The Tor Project has today announced the availability of OnionShare 2.2. With this update, users can now receive as well as send files and even host a website by including an index.html file. While you’ll have the option to make websites accessible to the public, you can also use HTTP basic authentication to lock it down with a username and password to restrict access.
With OnionShare, your computer gets turned into a local web server and an Onion link is generated so that you can access the server from another computer. Onion links are accessible using the Tor browser, providing both anonymity for you and the person connecting to your site. By default, OnionShare is configured to close the connection after each file transfer and generate a new address after each launch; both of these can be disabled which is especially useful if you want to host a site or want to create an anonymous DropBox.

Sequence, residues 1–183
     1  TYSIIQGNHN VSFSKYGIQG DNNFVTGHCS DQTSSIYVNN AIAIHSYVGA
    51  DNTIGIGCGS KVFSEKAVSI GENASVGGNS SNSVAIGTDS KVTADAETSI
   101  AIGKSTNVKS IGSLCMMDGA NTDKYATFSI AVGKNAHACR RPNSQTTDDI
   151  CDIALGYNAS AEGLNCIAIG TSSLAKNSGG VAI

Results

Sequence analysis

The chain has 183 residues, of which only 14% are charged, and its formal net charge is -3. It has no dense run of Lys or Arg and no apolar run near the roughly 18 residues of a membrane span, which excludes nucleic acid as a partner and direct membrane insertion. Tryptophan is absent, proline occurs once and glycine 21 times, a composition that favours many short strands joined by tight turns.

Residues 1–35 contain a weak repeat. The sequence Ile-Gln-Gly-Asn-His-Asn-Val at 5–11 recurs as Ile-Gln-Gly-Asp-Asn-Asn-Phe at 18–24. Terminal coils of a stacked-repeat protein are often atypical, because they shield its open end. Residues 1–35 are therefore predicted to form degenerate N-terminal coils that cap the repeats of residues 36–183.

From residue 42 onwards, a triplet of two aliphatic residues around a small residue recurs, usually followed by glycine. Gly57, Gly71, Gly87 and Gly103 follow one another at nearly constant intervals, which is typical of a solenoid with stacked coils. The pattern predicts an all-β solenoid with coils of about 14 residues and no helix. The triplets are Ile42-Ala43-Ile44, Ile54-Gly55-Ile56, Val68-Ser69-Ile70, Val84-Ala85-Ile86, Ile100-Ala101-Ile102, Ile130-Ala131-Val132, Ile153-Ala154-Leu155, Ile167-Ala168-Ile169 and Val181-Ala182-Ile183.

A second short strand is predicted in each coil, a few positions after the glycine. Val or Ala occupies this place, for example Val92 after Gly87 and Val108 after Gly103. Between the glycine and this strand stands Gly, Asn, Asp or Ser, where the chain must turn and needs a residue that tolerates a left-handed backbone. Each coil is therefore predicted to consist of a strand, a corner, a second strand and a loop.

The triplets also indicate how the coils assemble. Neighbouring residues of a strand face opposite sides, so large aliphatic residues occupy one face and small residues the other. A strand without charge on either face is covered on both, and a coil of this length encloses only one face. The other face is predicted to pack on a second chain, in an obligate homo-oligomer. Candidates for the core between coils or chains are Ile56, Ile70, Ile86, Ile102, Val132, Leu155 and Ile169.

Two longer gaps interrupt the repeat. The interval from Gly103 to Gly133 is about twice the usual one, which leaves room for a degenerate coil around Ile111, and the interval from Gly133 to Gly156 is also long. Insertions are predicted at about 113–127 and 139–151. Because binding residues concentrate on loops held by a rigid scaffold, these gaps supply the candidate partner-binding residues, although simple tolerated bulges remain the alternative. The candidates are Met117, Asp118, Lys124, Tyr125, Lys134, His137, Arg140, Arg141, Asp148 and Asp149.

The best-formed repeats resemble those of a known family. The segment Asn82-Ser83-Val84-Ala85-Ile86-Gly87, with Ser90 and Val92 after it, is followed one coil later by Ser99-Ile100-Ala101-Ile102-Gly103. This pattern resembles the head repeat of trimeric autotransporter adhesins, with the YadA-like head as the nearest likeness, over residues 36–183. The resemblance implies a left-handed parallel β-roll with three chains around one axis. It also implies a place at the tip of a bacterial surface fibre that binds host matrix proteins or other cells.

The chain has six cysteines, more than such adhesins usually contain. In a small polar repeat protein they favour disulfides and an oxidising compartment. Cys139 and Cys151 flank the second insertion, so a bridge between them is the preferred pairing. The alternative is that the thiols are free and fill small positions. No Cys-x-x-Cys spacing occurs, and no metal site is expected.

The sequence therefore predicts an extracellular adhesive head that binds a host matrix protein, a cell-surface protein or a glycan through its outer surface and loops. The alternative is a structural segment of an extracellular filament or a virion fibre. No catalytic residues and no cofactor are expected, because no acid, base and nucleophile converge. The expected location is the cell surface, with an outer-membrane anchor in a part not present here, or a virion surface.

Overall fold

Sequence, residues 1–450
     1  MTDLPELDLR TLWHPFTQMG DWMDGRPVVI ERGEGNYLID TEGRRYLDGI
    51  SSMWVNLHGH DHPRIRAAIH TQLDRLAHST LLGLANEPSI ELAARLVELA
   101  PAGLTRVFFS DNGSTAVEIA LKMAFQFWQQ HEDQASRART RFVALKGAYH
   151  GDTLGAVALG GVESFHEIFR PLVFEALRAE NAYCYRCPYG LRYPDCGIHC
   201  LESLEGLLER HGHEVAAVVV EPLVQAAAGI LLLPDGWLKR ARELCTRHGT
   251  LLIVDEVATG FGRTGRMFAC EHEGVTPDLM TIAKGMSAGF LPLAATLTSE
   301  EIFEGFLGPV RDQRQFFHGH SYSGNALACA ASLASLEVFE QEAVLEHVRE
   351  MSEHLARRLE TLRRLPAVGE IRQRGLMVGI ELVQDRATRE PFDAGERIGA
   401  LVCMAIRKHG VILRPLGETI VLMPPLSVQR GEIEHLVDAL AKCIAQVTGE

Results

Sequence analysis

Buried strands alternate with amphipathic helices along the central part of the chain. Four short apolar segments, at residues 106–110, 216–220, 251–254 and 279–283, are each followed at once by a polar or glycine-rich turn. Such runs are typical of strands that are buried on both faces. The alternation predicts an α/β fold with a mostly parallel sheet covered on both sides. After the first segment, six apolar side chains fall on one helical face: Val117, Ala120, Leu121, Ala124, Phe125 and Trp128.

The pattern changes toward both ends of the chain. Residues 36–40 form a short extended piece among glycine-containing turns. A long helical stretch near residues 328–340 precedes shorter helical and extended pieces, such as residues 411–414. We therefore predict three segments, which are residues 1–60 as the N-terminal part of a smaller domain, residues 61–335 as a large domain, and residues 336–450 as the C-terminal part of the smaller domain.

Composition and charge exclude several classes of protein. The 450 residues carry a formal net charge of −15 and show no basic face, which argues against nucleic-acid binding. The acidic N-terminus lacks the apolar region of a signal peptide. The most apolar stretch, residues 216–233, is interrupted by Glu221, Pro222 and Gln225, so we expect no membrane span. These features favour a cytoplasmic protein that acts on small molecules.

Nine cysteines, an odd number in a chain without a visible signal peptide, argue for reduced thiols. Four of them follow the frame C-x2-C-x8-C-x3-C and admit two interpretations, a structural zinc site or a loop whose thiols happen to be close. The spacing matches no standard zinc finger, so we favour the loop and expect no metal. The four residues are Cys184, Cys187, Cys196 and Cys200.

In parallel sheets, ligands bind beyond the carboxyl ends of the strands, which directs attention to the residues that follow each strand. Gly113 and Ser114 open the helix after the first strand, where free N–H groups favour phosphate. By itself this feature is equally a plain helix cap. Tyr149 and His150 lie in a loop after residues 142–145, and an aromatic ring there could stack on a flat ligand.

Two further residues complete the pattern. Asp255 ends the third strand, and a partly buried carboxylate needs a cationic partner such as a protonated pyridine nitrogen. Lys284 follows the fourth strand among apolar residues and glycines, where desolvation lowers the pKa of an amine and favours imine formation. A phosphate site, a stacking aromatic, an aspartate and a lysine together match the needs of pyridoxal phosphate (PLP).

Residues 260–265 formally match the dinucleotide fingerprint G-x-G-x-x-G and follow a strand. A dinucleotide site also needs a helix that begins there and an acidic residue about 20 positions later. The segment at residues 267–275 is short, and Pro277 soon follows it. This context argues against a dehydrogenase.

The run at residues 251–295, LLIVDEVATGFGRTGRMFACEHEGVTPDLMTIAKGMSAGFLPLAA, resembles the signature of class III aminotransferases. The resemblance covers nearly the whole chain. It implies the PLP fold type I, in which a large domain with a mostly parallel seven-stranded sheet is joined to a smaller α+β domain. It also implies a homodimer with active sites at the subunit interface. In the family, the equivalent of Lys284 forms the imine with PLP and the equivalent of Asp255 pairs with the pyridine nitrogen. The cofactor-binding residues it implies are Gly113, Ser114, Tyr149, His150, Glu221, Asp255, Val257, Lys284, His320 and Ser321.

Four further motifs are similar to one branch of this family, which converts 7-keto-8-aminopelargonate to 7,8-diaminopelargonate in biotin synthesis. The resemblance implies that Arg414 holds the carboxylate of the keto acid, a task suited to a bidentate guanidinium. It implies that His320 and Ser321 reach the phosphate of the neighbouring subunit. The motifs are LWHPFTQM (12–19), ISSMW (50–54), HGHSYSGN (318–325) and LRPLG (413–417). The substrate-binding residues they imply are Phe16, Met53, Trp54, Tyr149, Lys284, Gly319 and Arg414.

The prime motivation behind OnionShare is to ensure that people such as journalists can share information securely and anonymously. Describing the in-built privacy, Micah Lee, on behalf of the Tor Project, said:
“People who visit your website will have no idea who you are – they won’t have access to your IP address, and they won’t know your identity or your location. And, so long as your website visitors are able to access the Tor network, the website can’t be censored.”
OnionShare is available for use on Windows, Linux, and macOS. You can download the latest update right now from the project’s official website.